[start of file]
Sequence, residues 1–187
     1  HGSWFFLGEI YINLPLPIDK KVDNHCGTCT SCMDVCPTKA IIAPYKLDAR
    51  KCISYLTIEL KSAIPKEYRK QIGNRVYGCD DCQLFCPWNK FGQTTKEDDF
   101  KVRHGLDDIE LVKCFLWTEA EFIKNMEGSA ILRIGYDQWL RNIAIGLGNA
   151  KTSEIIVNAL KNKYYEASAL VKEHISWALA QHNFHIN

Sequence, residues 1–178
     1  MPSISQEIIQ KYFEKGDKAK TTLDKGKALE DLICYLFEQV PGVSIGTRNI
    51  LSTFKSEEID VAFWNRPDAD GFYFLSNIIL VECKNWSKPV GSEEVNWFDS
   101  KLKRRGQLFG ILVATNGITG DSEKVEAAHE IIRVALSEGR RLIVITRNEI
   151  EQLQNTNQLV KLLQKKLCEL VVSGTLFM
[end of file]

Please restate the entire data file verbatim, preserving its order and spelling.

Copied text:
Sequence, residues 1–187
     1  HGSWFFLGEI YINLPLPIDK KVDNHCGTCT SCMDVCPTKA IIAPYKLDAR
    51  KCISYLTIEL KSAIPKEYRK QIGNRVYGCD DCQLFCPWNK FGQTTKEDDF
   101  KVRHGLDDIE LVKCFLWTEA EFIKNMEGSA ILRIGYDQWL RNIAIGLGNA
   151  KTSEIIVNAL KNKYYEASAL VKEHISWALA QHNFHIN

Sequence, residues 1–178
     1  MPSISQEIIQ KYFEKGDKAK TTLDKGKALE DLICYLFEQV PGVSIGTRNI
    51  LSTFKSEEID VAFWNRPDAD GFYFLSNIIL VECKNWSKPV GSEEVNWFDS
   101  KLKRRGQLFG ILVATNGITG DSEKVEAAHE IIRVALSEGR RLIVITRNEI
   151  EQLQNTNQLV KLLQKKLCEL VVSGTLFM